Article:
Slow Your Energy Use Roll
When you leave for vacation -- or for a day of work, for that matter -- you probably make sure all your lights are turned off and you haven't left the faucet running full blast. Congratulations on saving energy! Well, not quite.
Turns out that leaving appliances plugged in -- that is, not turned on, but just connected to a power source -- is actually using quite a bit of energy in itself. Consider your laptop. If it's charging, plugged in and in use, it's actually using an average of 44 watts of energy [source: Standby Power]. Let's say it's just fully charged, and plugged in. Even not in use, it's using 29 watts of energy [source: Standby Power]. Your computer isn't attached to the power source? Guess what--just having the power source plugged in uses 4 watts of power [source: Standby Power]. You can find more appliances that your energy bill might appreciate being unplugged by checking out Standbypower.lbl.gov, which provides a table of appliance's energy use. In the meantime, unplug that cell phone charger you're not using, and save .26 watts of energy [source: Standby Power].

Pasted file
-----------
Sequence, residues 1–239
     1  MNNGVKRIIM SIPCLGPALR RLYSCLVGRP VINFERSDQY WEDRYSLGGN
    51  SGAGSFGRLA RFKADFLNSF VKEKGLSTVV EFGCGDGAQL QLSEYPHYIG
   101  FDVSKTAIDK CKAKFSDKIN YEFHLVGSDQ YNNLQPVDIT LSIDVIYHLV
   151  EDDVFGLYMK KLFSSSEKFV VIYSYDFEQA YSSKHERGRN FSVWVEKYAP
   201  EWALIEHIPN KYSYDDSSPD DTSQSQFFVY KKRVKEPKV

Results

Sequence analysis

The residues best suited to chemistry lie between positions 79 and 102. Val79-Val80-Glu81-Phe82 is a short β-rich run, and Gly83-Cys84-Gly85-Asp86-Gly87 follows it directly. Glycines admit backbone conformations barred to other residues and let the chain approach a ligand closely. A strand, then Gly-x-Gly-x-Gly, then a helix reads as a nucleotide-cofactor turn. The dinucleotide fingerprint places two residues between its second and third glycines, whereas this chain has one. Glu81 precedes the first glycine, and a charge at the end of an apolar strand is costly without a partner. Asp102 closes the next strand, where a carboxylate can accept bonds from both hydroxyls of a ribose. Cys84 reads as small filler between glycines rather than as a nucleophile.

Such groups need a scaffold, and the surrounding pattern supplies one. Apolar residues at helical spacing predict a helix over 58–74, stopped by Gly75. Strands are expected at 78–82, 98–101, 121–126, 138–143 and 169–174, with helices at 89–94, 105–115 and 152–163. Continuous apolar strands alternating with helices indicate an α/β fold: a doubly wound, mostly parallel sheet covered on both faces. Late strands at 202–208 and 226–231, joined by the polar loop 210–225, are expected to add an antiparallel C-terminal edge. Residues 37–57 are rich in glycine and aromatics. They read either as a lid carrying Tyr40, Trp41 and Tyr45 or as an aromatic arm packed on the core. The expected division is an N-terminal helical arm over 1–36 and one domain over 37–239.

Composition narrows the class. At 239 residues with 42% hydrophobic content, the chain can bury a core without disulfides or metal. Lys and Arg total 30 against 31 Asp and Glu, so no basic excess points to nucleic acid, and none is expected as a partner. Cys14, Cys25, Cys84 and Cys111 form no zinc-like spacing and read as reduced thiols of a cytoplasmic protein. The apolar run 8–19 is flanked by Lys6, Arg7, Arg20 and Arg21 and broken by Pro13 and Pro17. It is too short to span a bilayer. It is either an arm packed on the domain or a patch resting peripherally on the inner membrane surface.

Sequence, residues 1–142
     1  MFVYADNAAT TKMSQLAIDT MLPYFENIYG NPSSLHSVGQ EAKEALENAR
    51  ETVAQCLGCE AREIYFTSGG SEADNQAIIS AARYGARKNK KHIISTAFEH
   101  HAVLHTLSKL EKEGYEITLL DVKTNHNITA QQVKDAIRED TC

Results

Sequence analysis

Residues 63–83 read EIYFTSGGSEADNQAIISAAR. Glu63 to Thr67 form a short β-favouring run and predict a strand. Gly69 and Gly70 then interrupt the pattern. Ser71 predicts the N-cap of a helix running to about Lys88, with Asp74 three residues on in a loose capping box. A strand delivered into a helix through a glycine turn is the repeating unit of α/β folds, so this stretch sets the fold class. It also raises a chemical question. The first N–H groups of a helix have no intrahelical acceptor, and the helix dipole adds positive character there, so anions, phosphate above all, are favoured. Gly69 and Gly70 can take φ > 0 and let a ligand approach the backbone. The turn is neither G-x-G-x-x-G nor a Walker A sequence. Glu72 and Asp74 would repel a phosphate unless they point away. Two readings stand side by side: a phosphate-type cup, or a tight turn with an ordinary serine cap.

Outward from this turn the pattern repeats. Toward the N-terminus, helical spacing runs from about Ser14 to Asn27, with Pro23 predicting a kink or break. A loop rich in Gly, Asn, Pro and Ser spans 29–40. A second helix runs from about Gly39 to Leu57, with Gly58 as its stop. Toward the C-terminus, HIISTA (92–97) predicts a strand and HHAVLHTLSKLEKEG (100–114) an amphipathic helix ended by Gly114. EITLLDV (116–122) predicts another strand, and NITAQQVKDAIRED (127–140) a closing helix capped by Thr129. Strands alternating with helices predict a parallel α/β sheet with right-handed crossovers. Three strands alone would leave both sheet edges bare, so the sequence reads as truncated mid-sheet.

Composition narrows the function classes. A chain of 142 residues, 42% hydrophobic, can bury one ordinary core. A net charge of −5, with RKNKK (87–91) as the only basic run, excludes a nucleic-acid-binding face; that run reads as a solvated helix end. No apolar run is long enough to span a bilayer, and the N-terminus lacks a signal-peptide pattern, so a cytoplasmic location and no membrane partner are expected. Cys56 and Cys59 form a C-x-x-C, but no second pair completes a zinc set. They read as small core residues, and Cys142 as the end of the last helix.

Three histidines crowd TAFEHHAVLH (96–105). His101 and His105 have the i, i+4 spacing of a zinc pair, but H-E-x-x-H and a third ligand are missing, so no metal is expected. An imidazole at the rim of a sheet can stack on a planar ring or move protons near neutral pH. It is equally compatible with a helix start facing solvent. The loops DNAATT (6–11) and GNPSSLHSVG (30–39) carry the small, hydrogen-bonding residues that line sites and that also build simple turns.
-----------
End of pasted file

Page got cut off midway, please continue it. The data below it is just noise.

"Smart" electrical strips also disengage power when not in use. Low flow showerheads will save both water and energy; a faucet aerator will conserve heat and energy on your tap without a loss of water pressure.
Next is a biggie--use less fuel, use less energy. Let's cruise to the next page to see how your family can live a little greener (both earth- and wallet-wise).